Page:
If your child or teen has been diagnosed with type
1 diabetes, the next step is to create a diabetes management plan to help him
or her stay healthy and active.
Treatment plans for type 1 diabetes are based on each child's needs and the suggestions
of the diabetes health care
team. Treatment approaches might differ in the types of insulin given and the
schedules for giving insulin each day. The advantages and disadvantages of a plan
should be considered for each child.
Type 1 Diabetes Treatment Basics
The blood glucose level
is the amount of glucose in the blood. Glucose is the main source of energy for the
body's cells and is carried to them through the bloodstream. The hormone insulin
allows the glucose to get into the cells. In type 1 diabetes, the body can no longer
make insulin, so the glucose can't get into the body's cells. This makes the blood
glucose level rise.
Treatment goals for kids with diabetes are to control the condition in a way that:
helps them have normal physical and emotional growth and development
prevents short- and long-term health problems
To do this, parents and kids should aim to keep blood sugar levels within their
goal range as much as possible.
In general, kids with type 1 diabetes need to:
take insulin as prescribed
eat a healthy, balanced diet with accurate carbohydrate counts
check blood sugar levels as prescribed
get regular physical activity
Following the treatment plan helps kids stay healthy, but treating diabetes isn't
the same as curing it. Right now, there's no cure for diabetes, so kids with type
1 diabetes will need treatment for the rest of their lives. But with proper care,
they should look and feel healthy and go on to live long, productive lives, just like
Taking Insulin as Prescribed
Children and teens who have type 1 diabetes must take insulin as part of their
treatment plan. Insulin is the only medicine that can keep their blood sugar levels
in a healthy range.
Taking insulin as prescribed lets them use the glucose in their blood for energy.
When glucose is entering and being used by the cells properly, its level in the blood
generally remains within a healthy range.
The acids and digestive juices in the stomach and intestines can break down and
destroy insulin if it is swallowed, so it can't be taken as a pill. The only way to
get insulin into the body now is by injection with a needle or with an insulin pump.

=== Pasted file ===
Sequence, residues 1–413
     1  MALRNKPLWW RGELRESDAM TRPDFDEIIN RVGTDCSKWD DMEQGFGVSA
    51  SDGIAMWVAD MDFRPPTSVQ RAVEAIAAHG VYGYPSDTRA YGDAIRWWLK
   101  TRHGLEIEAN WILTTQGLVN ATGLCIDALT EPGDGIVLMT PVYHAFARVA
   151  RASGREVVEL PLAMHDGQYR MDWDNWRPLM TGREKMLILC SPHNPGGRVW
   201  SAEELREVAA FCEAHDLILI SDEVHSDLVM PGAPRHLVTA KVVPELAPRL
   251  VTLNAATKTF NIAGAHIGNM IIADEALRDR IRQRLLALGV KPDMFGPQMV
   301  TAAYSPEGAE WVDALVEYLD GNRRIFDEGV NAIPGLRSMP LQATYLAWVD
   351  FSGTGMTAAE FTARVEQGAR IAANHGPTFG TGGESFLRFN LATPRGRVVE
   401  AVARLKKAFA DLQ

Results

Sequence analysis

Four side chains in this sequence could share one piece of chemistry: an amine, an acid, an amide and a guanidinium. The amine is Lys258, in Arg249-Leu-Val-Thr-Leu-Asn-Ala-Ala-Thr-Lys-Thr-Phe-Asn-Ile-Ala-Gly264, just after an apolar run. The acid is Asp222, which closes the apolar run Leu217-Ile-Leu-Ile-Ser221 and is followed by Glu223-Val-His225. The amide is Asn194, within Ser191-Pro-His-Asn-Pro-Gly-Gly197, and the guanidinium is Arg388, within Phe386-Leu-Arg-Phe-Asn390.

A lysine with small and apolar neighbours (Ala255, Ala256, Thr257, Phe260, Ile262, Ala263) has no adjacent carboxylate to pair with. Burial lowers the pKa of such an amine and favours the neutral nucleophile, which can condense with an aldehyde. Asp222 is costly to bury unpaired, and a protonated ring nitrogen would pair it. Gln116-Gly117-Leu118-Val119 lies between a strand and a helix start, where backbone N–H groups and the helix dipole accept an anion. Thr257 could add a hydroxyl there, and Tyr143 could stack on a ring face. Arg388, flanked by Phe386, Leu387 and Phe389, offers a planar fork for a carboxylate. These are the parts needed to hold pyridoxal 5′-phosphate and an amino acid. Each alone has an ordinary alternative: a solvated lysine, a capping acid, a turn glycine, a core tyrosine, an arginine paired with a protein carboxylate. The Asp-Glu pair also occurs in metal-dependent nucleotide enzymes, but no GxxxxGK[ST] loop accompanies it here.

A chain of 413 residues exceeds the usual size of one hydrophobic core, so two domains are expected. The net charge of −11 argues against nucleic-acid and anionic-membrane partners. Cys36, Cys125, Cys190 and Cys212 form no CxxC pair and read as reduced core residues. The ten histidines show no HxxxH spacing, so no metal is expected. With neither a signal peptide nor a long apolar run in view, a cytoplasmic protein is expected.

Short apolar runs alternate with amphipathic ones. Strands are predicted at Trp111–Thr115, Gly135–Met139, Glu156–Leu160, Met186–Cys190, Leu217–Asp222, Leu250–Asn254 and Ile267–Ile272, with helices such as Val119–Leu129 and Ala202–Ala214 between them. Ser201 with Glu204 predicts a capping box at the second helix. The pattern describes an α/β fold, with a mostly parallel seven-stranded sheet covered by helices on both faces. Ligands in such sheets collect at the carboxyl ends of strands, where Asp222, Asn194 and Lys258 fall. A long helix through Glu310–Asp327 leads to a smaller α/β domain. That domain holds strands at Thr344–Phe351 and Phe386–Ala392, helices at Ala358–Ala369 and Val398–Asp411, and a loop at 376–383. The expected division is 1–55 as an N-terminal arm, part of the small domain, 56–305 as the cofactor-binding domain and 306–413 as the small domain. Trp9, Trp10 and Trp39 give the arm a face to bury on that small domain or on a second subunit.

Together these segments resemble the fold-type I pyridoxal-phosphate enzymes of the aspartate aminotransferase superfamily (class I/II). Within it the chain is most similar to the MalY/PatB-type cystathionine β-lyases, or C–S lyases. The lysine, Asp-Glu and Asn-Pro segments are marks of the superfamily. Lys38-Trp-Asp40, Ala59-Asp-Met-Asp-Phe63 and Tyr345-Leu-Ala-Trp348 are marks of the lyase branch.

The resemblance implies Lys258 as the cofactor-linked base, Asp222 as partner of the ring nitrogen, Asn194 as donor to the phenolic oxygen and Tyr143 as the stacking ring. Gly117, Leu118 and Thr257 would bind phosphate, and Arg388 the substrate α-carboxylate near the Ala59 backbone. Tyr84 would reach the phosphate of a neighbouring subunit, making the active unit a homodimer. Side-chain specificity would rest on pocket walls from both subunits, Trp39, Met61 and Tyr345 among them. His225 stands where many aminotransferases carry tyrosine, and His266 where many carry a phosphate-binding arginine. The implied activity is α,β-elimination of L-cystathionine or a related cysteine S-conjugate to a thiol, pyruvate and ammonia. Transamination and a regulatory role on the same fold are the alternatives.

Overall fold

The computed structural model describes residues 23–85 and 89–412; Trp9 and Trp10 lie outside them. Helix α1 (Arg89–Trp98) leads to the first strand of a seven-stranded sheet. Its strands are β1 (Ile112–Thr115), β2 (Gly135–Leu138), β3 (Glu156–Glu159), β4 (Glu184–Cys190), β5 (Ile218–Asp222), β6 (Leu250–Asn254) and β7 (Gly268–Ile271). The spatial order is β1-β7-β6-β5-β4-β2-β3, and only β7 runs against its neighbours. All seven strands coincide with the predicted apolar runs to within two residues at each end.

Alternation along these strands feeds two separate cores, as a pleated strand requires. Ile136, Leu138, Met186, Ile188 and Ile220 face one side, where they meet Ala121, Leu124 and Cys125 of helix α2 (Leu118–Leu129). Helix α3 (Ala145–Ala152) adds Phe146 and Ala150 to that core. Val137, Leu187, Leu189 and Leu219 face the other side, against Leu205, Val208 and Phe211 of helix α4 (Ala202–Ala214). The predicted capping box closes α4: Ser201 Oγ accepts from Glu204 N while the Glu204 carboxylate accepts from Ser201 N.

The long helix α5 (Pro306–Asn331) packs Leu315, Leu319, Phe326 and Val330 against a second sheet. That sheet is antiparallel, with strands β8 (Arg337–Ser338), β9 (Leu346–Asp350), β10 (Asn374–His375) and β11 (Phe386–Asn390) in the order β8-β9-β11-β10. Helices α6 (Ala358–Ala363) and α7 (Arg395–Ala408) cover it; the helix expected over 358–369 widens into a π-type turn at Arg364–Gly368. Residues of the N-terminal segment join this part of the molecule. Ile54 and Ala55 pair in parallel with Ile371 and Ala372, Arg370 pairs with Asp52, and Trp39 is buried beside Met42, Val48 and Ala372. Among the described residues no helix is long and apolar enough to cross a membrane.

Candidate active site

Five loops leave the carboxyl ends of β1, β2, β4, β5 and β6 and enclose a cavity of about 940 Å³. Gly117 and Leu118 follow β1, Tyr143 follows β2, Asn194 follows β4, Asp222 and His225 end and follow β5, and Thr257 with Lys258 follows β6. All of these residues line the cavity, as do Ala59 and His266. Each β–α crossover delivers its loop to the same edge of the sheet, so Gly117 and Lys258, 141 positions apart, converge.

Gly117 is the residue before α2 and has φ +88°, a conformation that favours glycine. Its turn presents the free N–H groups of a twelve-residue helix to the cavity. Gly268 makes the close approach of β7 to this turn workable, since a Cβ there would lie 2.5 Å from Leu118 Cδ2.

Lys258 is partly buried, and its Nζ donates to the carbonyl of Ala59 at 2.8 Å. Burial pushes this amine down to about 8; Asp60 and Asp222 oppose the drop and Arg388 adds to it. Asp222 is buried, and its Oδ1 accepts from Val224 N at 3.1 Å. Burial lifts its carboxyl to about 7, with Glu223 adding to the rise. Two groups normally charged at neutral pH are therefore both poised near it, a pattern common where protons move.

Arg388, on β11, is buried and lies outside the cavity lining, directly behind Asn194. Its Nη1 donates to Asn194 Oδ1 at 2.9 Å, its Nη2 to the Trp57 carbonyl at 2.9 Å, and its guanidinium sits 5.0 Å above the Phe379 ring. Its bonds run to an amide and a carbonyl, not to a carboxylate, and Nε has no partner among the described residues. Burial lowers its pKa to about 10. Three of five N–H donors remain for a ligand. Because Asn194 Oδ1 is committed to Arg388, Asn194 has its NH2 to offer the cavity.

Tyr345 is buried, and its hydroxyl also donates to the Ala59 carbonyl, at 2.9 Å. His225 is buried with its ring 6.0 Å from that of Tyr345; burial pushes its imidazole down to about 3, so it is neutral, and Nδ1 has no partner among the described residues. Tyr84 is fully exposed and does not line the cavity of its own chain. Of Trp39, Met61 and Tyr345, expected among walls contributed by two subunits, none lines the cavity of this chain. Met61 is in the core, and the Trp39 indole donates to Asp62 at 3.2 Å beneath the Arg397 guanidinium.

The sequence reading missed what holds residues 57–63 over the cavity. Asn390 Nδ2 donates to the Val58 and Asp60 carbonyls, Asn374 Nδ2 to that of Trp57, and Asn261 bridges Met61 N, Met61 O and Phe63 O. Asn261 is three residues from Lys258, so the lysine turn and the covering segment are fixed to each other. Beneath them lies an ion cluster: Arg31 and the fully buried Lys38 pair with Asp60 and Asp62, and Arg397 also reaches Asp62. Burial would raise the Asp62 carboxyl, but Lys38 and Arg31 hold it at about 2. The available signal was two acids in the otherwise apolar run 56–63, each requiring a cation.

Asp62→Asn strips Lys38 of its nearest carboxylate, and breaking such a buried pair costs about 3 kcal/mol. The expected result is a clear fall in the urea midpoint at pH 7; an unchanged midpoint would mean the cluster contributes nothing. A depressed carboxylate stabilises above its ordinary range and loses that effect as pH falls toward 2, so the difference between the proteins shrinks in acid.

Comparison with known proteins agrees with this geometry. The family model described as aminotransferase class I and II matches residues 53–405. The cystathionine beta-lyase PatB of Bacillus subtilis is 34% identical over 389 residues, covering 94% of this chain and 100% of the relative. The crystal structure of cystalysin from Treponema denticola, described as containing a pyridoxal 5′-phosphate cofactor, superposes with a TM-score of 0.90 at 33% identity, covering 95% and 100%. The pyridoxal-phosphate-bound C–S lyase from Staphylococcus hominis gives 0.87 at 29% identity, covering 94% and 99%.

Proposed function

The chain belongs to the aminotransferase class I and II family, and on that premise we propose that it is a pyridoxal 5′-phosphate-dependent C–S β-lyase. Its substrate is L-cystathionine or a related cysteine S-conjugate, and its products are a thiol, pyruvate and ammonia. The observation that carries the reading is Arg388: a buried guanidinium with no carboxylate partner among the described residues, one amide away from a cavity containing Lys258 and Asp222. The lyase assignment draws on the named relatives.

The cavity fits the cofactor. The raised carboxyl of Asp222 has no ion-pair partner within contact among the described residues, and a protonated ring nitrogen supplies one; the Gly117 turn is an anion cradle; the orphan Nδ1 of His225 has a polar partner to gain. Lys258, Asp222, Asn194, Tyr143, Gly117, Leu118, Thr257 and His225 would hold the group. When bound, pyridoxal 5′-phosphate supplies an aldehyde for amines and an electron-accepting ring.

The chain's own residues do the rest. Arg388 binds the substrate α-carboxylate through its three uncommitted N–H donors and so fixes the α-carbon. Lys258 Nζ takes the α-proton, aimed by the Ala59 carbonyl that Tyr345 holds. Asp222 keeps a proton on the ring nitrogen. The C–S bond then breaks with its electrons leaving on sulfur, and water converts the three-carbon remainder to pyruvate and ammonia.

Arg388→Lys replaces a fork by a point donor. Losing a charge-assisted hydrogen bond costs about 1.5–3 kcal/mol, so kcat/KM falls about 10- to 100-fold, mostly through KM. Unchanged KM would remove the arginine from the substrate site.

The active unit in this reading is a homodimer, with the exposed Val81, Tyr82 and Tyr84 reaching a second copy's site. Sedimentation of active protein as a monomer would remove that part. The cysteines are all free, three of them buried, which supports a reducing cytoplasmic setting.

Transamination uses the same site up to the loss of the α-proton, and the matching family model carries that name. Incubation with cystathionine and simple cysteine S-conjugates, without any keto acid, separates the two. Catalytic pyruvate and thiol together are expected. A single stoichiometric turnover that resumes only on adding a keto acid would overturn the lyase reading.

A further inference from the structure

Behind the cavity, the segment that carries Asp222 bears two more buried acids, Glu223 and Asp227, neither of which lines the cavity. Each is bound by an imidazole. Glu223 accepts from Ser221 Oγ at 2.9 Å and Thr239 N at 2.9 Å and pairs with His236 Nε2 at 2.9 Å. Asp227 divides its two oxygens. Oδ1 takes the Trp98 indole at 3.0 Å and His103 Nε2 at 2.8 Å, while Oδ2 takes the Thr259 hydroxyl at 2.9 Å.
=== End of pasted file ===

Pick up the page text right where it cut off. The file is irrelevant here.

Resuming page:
Unless they're using an insulin pump, most kids need two or more injections every
day to keep blood sugar levels under control. Usually, two different types of insulin
are needed to handle blood sugar needs both after eating and between meals.
There is no-one-size-fits-all insulin schedule — the types of insulin used
and number of daily injections a child needs will depend on the diabetes management
plan. Insulin doses need to be adjusted to handle the rise in blood sugar that happens
with meals and provide the amounts of insulin the body needs between meals and overnight.
Eating meals at regular times generally makes this easier. Although eating on schedule
may work well for younger kids, sticking to a routine can be a challenge for older
kids and teens, whose school, sleep, and social schedules often vary. The diabetes
health care team can help you work through any problems your child might have with
scheduling meals and insulin injections.
Getting insulin injections today is nearly painless, thanks to smaller needles.
Insulin pumps (which deliver insulin through a small tube that is placed just under
the skin) cut down on the number of injections needed.
Insulin usually is injected into the fatty layer under the skin of the abdomen,
hips/buttocks, arms, or thighs. The health care team will teach you when and how to
give the insulin, as well as the best injection sites, based on your child's weight,
age, and activity patterns.
Healthy Eating and Following a Meal Plan
Eating a balanced diet and following a meal
plan are important parts of type 1 diabetes treatment. Kids with diabetes benefit
from the same kind of healthy diet as those without diabetes — one that includes
a variety of healthy foods that help the body grow and work properly.
Kids with diabetes also have to balance the type and timing of their meals with
the amount of insulin they take and with their activity level. That's because eating
some foods will cause blood sugar levels to go up more than others, whereas insulin
and exercise will make blood sugar levels go down.
How much the blood sugar level goes up after eating depends on the type of nutrients
the food has. The three main types of nutrients found in foods are carbohydrates
(carbs), proteins, and fats, which
provide energy in the form of calories. Foods containing carbs cause blood sugar levels
to go up the most. Foods that are mostly protein and/or fat don't affect blood sugar
levels nearly as much.
Meal plans usually include breakfast, lunch, and dinner with scheduled between-meal
snacks. The plan won't restrict your child to eating specific foods, but will guide
you in selecting from the basic food
groups to achieve a healthy balance. Meal plans are based on a child's age, activity